Abstract: This paper investigates the effects of cooperation (corporatism) on macroeconomic performance by considering a rather standard policy game between the government and a monopoly union. We stress the shortcomings of the traditional way used to model cooperation in policy games (the maximization of the weighted sum of players’ preferences), which only approximates the Nash product solution. We find that it is difficult to implement corporatism, although it generally increases social welfare, since it often reduces the union’s utility. In particular, we show that an inflation-neutral union will never find it profitable to cooperate with the government, unless side-payments are considered. The study of this issue is however beyond the scope of this paper.
    Keywords: Employment, inflation, trade unions, government, corporatism, policy game, feasibility.
    JEL: E24 E61 E31 E58 J51
    Date: 2005–04–26
  25. By: Sonja Fagernäs
    Abstract: ESAU Working Paper 4 applies a standard (IFPRI) macroeconomic CGE model to Zimbabwe to ascertain the likely income distribution impacts of alternative policy instruments for stabilising the economy, specifically for eliminating the current account deficit, viz. devaluation or fiscal adjustment. The author finds, however, that the model is unable for structural reasons to simulate the impact of expenditure reduction on the current account; its closure procedure offsets decreases in public consumption with increases in private consumption. This leaves devaluation as the only analysable policy instrument for balance of payments adjustment. Devaluation is likely to be contractionary for GDP, and in all sectors except agriculture and export-oriented production. Profits and labour incomes in commercial farming rise, but in other sectors fall.
    Keywords: CGE model, stabilisation policy, Zimbabwe, PSIA, expenditure switching, expenditure reduction
    Date: 2004–04
  26. By: ESAU (Unassigned)
    Keywords: Fiscal, aid, aid effectiveness, Malawi, Uganda, Zambia, budget, economic growth
    Date: 2005–01
  27. By: Sonja Fagernäs; John Roberts
    Abstract: Working Paper 11 gives a synthesis of Working Papers 7, 9 and 10 (see the relevant Summaries for further details). It also provides a brief synthesis of earlier literature on the fiscal effects of aid, which is related to the wider literature on the development impact of aid and on budget choice. The paper presents the econometric methodology used in the country studies of Malawi, Uganda and Zambia (vector autoregression) and its application, and discusses the problem of reconciling data on aid from donor and recipient sources. It makes some general observations from the three country studies relevant to aid effectiveness – the sui generis character of recipient countries’ policies and institutions that govern the impact of aid, the heterogeneity of calculated fiscal impacts, the persistent rigidities in countries’ uses of aid, and the absence of significant aid-financed expenditures from countries’ budgets.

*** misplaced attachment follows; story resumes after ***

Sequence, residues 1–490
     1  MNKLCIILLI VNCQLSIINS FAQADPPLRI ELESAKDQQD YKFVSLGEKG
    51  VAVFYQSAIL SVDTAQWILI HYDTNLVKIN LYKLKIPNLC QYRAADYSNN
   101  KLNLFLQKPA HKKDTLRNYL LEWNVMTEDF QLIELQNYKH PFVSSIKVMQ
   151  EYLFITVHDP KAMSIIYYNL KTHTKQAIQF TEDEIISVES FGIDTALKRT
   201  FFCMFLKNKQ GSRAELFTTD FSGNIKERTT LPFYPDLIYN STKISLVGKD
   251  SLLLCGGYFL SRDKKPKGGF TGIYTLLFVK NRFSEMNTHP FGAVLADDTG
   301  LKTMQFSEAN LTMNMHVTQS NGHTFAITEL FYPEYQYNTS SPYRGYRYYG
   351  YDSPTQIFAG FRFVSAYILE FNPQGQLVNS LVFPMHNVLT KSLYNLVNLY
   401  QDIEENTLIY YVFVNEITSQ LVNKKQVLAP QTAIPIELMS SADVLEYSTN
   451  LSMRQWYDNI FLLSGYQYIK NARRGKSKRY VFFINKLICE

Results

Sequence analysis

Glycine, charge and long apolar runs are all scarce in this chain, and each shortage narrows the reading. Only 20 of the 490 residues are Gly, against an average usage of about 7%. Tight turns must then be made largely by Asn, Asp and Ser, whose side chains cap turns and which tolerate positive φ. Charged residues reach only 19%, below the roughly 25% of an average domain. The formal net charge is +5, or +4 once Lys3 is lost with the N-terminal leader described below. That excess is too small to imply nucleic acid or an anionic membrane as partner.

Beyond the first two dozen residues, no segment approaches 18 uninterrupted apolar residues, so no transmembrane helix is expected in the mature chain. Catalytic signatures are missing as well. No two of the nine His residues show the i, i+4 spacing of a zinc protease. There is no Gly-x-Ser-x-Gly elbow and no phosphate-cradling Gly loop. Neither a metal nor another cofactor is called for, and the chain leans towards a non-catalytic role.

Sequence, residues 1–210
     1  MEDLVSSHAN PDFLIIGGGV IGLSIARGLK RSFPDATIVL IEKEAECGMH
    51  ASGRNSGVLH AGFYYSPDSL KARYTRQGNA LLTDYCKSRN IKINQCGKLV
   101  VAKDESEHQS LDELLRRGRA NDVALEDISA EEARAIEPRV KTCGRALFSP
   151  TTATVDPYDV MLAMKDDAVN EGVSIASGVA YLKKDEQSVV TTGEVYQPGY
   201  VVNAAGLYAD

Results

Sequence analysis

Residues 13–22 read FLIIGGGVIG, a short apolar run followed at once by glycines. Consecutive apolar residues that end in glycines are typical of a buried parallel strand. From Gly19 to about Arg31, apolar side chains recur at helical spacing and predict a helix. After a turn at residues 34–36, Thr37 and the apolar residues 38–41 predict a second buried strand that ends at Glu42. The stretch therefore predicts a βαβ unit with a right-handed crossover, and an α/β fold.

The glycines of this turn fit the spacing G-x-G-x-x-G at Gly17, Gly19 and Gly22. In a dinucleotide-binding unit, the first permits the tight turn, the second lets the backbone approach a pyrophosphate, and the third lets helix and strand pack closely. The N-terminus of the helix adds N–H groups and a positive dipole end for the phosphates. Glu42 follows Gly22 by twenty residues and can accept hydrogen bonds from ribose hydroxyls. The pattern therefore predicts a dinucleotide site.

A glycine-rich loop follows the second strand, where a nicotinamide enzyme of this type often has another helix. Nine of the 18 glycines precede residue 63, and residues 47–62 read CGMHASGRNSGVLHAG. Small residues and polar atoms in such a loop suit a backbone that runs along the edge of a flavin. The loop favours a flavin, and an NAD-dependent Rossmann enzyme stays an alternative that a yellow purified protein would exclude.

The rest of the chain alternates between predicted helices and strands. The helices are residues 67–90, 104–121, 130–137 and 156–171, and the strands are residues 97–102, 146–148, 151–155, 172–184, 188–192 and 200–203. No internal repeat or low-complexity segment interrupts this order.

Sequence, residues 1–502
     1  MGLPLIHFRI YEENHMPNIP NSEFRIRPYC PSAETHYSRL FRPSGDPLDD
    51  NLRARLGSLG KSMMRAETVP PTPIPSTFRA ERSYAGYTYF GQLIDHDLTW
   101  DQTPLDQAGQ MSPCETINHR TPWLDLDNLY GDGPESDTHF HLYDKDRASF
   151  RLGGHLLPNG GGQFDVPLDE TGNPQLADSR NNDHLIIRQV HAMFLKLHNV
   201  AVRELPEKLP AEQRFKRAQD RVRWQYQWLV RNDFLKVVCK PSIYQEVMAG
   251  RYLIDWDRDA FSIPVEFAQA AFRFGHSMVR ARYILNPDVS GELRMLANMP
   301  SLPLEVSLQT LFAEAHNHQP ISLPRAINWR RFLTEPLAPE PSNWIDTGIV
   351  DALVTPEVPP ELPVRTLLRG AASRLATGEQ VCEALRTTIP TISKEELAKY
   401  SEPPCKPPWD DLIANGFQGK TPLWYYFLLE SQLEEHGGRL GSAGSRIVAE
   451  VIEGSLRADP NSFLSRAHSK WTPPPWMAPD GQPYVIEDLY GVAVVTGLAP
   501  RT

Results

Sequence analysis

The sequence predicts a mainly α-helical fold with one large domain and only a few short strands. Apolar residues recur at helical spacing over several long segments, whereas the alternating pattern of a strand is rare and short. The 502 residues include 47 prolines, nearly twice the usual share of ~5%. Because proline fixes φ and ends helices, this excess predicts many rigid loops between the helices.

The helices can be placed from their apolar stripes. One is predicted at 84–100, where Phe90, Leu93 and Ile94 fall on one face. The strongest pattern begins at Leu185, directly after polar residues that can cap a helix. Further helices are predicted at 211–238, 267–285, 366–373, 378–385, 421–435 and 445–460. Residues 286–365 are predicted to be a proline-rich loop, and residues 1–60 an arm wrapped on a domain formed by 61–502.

Keywords: Fiscal, aid, aid effectiveness, Malawi, Uganda, Zambia, budget, economic growth
    Date: 2004–10
  28. By: Sonja Fagernäs; Cedrik Schurich
    Abstract: Working Paper 7 is the first of three ESAU monographs on the fiscal effects of aid - the two others covering Uganda (Working Paper 9) and Zambia (Working Paper 10). Their methodology and general conclusions are summarised in a separate Survey and Synthesis paper (Working Paper 11). The purpose of this research was to find out how aid has been absorbed through recipients’ fiscal processes with a view to better understanding how aid is effective in promoting growth. Each country paper combines historical and institutional analysis with the econometric analysis of time series data. In Malawi, growth has been slow and fitful, and there has been a record of uneven macroeconomic management, poor fiscal control and debt problems, often leaving public services underfunded. The government has practised fiscal dichotomy – allocating aid to the development budget, while financing its recurrent budget from revenue and domestic borrowing. The econometric evidence confirms that aid has been used to finance the development budget. It also shows that aid has, if anything, been a stabilising influence, being associated with higher domestic revenues and lower borrowing.
    Keywords: Fiscal, aid, aid effectiveness, Malawi, absorption, economic growth
    Date: 2004–09
  29. By: Sonja Fagernäs; John Roberts
    Abstract: Working Paper 9 forms part of a set of four ESAU papers on the fiscal effects of aid in African countries. The others are on Malawi (Working Paper 7), on Zambia (Working Paper 10) and a literature Survey and Synthesis (Working Paper 11). The first, historical and analytical background, part of the paper contrasts the pre-1986 period of misrule, instability, conflict, the exodus of entrepreneurs and professionals, dwindling aid and economic decline, with the subsequent period when growth resumed, poverty fell, economic stability was restored, aid was substantial, and the government implemented budget management and pro-poor expenditure reforms. The second, econometric, part shows that the main effect of aid between the 1970s and 1990s was to increase development budget expenditure, with lesser positive impacts on recurrent budget expenditure and domestic revenue. The effectiveness of aid has therefore turned on the (rising) quality of development budget expenditure and on the (growing) credibility of accompanying economic policies.
    Keywords: Fiscal, aid, aid effectiveness, Uganda, budget, economic growth
    Date: 2004–10